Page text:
Some great reads today, but they’ll take a little while. Yet with Boston tomorrow I feel like it makes sense to showcase longer articles. If you can’t read long articles the day before a long race.
First two articles are about Kenyan dominance in distance running, with this article from the Atlantic talking about the importance of genetics. This response to Max Fisher’s Atlantic article has a great quote:
“If one spent any significant amount of time here, it would be hard to believe that Kenyan athletic “success may be innate “ as stated by Max Fisher in his article in the Atlantic Online titled, Why Kenyans make such great runners: a story of genes and culture.”
My person thought is that both are true, yet not enough attention is paid to the intensity of the training camps. Every coach I’ve spoke with who has had a chance to see those camps talks about how hard the athletes train (and then how fully they recover…lying around until the next brutal session…no facebook updates talking about how well the workout went, but rather complete rest).
Both of these articles were brought to my attention by The Science of Sport website, which always puts out great content. Their posts are long, so you’ll need to set aside some time to read through them.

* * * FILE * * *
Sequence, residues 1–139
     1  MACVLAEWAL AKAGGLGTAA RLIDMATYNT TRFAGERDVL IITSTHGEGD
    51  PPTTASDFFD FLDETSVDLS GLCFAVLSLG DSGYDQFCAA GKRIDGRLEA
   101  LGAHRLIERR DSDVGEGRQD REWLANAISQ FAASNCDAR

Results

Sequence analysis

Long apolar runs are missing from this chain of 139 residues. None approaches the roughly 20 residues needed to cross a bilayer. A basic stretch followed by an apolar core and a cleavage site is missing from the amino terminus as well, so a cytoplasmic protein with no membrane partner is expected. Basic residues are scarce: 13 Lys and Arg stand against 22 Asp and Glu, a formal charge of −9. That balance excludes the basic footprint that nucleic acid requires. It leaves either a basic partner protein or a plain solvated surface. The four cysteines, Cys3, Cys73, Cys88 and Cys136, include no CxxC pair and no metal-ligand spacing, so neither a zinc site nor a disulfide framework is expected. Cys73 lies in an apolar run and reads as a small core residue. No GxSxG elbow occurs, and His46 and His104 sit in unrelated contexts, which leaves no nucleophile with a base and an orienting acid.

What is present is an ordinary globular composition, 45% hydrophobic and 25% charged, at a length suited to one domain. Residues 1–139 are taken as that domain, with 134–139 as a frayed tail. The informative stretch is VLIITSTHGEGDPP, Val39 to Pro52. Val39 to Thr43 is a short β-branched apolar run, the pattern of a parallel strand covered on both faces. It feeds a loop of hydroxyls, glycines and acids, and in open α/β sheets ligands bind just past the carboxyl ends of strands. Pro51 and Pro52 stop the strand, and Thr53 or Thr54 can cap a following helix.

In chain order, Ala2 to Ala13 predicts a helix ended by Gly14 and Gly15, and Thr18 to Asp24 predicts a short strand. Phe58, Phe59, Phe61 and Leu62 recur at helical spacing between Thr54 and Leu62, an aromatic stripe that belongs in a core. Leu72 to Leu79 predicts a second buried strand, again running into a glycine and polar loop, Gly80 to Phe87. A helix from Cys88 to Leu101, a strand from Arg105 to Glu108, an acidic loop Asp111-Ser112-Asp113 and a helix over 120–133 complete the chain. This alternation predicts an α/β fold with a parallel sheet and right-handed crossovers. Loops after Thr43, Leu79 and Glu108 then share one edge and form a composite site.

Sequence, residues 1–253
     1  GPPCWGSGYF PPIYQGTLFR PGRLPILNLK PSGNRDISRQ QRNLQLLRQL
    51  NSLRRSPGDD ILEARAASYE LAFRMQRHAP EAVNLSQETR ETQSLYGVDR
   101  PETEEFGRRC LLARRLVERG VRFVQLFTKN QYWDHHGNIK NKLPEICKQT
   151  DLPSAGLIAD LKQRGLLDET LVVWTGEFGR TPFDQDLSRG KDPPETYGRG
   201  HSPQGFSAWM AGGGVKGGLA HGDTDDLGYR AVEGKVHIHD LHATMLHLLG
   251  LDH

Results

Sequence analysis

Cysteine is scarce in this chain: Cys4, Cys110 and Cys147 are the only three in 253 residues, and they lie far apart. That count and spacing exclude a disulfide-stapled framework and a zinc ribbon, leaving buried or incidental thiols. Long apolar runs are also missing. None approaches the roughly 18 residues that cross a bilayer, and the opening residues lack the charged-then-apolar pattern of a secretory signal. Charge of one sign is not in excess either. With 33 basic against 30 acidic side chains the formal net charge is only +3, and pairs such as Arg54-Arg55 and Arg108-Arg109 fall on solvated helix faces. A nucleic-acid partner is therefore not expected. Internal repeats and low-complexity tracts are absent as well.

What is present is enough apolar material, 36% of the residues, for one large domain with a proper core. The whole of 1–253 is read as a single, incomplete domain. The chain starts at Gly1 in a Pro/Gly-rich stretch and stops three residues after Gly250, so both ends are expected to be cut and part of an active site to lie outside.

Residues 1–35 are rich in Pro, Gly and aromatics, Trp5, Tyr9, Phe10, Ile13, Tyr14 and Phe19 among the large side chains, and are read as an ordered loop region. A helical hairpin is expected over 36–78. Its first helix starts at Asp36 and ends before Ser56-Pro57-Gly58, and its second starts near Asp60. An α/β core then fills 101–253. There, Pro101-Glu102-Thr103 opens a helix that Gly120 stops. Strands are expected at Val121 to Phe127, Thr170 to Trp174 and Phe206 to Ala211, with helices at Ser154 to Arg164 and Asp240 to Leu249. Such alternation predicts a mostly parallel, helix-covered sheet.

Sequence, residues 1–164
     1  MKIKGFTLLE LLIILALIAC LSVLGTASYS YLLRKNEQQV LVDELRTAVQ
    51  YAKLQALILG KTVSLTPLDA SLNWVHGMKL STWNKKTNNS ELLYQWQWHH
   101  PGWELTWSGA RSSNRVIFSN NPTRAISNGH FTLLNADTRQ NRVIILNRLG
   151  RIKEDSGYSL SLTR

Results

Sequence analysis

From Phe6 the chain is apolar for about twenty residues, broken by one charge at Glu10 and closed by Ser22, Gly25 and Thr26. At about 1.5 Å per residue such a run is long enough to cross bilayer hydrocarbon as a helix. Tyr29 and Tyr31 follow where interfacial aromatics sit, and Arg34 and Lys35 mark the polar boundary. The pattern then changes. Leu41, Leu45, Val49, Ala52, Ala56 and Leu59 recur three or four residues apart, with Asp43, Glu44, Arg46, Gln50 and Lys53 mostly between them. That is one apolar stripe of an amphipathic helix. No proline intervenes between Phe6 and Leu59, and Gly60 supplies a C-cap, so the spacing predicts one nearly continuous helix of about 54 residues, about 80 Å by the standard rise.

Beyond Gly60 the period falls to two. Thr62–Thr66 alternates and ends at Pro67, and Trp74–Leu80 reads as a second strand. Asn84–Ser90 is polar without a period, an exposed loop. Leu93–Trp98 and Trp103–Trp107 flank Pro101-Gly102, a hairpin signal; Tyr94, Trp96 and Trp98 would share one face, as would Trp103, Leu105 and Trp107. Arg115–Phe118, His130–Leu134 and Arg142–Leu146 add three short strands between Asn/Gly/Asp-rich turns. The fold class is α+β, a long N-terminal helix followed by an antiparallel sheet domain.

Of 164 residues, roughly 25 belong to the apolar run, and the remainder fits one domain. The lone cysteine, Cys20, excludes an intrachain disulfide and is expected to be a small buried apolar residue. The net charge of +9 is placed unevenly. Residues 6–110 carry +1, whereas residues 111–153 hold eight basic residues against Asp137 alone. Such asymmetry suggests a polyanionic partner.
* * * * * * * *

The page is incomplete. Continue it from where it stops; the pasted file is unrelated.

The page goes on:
The final article for today is older. Written by Born to Run author Chris McDougall (and appears in Denver’s 5280 magazine). It’s about the history of the Leadville 100 “Race Across the Sky.” It’s hard for me to describe. The US Olympic Trials are amazing and full of expectation, jubilation and crushing pain for the fourth place finisher in each event. Leadville is different, but it’s just as emotion to watch these runners run 100 miles in 30 hours or less. When you’re on the course the energy is palpable.
Happy reading. On Monday we’ll have a short video of how Shalane Flanagan used sports science to help her prepare for Boston. Cool video and short enough that you won’t miss much of the race.